Fifty Years of BCS Theory, Yet Superconductivity Puzzles Remain

An article in the New York Times discusses an extraordinary breakthough in the physics of solids a bit more than 50 years ago.

Superconductivity had been discovered in 1911 by Heike Kamerlingh-Onnes, who won the Nobel Prize two years later for his work at extremely low temperatures.

But it took decades before developments in the quantum theory of solids put University of Illinois professor John Bardeen and his students Leon N. Cooper and J. Robert Schrieffer on the track of its theoretical underpinnings–coupled conduction electrons, or Cooper pairs, that exchanged quanta of vibrational energy called phonons, enabling them to pass through a crystal without losing any energy.

That discovery, soon named the BCS theory after the initials of the three men’s last names, came in 1957, the same year in which Bardeen shared the Nobel Prize in physics with Walter Brattain and William Shockley for the invention of the transistor. Although Nobel committees of later years might have been reluctant to give a repeat prize to Bardeen, it would have meant bypassing Cooper and Schrieffer. So in 1972, the three were honored with the second Nobel Prize for work that involved the odd but technologically important phenomenon.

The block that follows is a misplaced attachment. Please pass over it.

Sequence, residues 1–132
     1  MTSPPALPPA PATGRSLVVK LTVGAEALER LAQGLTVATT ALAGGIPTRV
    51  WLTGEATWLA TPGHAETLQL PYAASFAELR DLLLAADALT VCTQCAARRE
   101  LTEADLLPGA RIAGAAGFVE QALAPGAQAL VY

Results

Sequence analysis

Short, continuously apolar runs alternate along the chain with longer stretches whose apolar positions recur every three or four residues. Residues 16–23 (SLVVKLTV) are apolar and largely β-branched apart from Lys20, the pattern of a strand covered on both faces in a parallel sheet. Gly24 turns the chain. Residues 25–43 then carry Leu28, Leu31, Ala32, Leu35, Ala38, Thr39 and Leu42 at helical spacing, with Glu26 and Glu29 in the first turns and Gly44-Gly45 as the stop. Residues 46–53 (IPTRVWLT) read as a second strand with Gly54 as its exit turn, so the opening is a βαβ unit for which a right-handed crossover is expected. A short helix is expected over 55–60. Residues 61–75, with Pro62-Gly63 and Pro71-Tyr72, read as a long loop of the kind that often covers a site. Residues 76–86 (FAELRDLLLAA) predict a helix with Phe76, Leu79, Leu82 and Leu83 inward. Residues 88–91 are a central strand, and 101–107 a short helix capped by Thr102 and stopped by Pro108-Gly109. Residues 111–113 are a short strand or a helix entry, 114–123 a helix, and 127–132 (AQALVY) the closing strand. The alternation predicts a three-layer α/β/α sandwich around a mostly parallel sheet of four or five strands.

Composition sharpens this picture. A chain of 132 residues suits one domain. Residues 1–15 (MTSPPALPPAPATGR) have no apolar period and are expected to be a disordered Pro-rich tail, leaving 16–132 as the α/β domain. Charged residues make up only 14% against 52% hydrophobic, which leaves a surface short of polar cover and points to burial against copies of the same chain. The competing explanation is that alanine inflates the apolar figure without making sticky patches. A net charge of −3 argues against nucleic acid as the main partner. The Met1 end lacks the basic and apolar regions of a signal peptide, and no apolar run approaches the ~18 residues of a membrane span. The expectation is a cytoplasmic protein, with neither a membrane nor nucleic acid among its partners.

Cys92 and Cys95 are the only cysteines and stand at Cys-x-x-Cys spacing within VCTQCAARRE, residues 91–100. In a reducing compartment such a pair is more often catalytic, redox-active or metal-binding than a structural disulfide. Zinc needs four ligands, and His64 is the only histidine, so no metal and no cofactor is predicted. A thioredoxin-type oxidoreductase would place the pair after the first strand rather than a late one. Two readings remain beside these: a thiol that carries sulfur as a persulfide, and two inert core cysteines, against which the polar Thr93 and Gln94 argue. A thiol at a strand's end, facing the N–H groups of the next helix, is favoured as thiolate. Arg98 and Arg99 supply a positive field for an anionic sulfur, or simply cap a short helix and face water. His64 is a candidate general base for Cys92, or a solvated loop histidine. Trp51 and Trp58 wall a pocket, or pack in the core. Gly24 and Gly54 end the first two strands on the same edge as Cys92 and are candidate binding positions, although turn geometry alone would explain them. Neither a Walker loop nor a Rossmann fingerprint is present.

In the following year, 1973, Brian Josephson won the Nobel for a technologically important superconductivity-related effect that he predicted and bears his name.

Then in 1986, a new class of ceramic “high-temperature” superconductors (HTS) burst on the research scene. A year later, the discoverers of those materials, J. Georg Bednorz and K. Alexander Mueller, won yet another superconductivity-related Nobel.

Though theoretical physicists have been grappling with many possibilities, no one has yet come up with the equivalent of Cooper pairs or BCS theory for HTS. If it takes 46 years post-discovery, as the BCS theory did, we can expect a breakthrough in 2032 and a Nobel prize soon afterward.

Physicists and technologists are hoping it will come much sooner than that.

For more about the work of Bardeen, Cooper, and Schrieffer, please read my Physics : Decade by Decade in the Facts on File Twentieth Century Science reference set. John Bardeen is the “Scientist of the Decade” for the 1950s, and that profile captures not only the scientific achievements but also the personal warmth of the only person ever to win two Nobel Prizes in the same field.